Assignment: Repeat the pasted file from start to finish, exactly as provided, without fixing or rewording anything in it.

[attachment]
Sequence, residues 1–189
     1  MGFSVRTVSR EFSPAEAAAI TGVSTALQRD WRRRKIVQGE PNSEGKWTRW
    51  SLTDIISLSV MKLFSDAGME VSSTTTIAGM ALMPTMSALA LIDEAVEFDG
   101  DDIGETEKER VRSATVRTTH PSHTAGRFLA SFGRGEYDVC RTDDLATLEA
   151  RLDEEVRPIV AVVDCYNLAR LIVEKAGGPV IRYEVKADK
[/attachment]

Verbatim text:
Sequence, residues 1–189
     1  MGFSVRTVSR EFSPAEAAAI TGVSTALQRD WRRRKIVQGE PNSEGKWTRW
    51  SLTDIISLSV MKLFSDAGME VSSTTTIAGM ALMPTMSALA LIDEAVEFDG
   101  DDIGETEKER VRSATVRTTH PSHTAGRFLA SFGRGEYDVC RTDDLATLEA
   151  RLDEEVRPIV AVVDCYNLAR LIVEKAGGPV IRYEVKADK